Wish I’d seen this back when I was teaching at Montserrat. Explains The Galileo Affair quite well and succinctly. Would have been useful in discussions with know-all anti-religion students who thought all religion was antagonistic toward science.

…the Holy Father pointed out that “the Galileo case has been a sort of ‘myth,’ in which the image fabricated out of the events was quite far removed from the reality. In this perspective, the Galileo case was the symbol of the Church’s supposed rejection of scientific progress.” Galileo’s run-in with the Church, according to the Pope, involved a “tragic mutual incomprehension” in which both sides were at fault. It was a conflict that ought never to have occurred, because faith and science, properly understood, can never be at odds.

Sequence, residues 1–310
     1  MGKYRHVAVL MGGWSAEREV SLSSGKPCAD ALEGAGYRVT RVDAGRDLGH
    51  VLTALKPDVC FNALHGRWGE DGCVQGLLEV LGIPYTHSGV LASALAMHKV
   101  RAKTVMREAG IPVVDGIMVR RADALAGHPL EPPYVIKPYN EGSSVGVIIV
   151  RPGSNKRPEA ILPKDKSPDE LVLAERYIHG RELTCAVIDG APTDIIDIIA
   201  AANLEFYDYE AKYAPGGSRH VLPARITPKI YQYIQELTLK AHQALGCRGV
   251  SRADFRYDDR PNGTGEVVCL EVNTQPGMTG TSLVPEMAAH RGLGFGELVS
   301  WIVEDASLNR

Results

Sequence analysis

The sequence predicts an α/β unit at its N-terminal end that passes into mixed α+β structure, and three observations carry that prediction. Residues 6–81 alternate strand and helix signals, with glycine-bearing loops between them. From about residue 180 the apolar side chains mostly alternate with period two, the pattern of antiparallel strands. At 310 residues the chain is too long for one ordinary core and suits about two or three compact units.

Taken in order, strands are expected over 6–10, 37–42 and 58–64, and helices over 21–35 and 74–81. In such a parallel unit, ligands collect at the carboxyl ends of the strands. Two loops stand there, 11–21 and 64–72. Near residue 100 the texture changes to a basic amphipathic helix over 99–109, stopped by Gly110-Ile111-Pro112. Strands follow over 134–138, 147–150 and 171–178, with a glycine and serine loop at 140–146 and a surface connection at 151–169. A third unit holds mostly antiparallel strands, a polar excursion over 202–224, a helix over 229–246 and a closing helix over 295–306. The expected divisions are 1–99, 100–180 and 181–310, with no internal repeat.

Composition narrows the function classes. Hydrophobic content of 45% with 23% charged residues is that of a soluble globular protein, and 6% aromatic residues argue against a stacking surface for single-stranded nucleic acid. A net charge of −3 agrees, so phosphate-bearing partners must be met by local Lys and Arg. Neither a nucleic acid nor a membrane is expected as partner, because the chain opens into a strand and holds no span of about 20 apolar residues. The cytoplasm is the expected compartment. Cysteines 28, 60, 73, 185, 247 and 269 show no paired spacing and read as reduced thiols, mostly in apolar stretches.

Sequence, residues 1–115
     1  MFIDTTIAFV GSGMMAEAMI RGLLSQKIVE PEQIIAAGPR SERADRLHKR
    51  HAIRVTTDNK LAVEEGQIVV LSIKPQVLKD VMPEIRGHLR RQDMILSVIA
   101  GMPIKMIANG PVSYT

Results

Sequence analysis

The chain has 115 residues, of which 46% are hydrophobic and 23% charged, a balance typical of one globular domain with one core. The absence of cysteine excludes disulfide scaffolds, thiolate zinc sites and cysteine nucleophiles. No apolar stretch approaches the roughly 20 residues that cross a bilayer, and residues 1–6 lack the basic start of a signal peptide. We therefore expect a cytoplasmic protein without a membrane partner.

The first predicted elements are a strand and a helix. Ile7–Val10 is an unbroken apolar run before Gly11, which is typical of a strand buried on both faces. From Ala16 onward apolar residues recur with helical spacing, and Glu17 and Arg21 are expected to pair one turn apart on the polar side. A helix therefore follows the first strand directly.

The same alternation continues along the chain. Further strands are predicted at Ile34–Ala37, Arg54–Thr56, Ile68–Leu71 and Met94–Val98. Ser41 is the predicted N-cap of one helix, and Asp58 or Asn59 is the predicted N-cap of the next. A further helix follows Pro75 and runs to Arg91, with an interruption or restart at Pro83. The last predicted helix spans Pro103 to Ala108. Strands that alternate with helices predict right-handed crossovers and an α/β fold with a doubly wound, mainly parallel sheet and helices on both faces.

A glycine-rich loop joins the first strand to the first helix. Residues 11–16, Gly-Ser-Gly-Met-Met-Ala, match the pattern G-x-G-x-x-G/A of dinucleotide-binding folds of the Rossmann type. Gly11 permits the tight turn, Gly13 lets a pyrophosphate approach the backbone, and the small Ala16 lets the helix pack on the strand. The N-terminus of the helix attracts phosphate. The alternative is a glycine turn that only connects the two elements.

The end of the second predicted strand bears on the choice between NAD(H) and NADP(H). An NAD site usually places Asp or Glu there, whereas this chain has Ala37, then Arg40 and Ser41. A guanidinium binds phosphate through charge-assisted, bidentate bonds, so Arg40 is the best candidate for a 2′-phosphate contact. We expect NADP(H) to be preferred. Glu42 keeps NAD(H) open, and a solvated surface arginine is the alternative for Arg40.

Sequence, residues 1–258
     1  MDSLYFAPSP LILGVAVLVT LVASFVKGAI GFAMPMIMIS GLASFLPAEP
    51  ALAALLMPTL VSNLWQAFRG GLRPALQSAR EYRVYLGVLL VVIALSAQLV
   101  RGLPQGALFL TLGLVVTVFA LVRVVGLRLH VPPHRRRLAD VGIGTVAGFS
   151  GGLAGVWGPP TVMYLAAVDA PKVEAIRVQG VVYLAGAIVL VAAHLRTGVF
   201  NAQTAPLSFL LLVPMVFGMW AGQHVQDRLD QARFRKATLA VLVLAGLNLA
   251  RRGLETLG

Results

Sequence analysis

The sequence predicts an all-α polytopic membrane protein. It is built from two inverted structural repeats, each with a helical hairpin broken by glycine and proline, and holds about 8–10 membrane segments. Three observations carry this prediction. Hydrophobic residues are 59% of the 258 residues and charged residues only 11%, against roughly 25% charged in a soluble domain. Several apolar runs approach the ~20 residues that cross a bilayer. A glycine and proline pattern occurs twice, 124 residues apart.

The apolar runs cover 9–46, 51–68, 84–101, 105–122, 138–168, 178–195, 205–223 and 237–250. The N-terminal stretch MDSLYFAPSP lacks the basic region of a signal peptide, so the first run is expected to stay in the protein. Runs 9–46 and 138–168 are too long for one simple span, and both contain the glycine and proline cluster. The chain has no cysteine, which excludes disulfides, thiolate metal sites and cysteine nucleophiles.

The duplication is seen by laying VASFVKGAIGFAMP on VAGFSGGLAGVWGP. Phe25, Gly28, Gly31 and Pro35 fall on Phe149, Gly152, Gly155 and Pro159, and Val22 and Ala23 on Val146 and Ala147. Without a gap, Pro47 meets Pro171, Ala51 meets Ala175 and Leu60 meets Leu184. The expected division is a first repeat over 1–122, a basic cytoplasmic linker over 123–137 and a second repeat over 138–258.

Since the Galileo case is one of the historical bludgeons that are used to beat on the Church—the other two being the Crusades and the Spanish Inquisition—it is important that Catholics understand exactly what happened between the Church and that very great scientist. A close look at the facts puts to rout almost every aspect of the reigning Galileo legend.

The Victorian biologist Thomas Henry Huxley, who had no brief for Catholicism, once examined the case and concluded that “the Church had the best of it.” The most striking point about the whole affair is that until Galileo forced the issue into the realm of theology, the Church had been a willing ombudsman for the new astronomy. It had encouraged the work of Copernicus and sheltered Kepler against the persecutions of Calvinists. Problems only arose when the debate went beyond the mere question of celestial mechanics. But here we need some historical background.

hat tip to The Curt Jester

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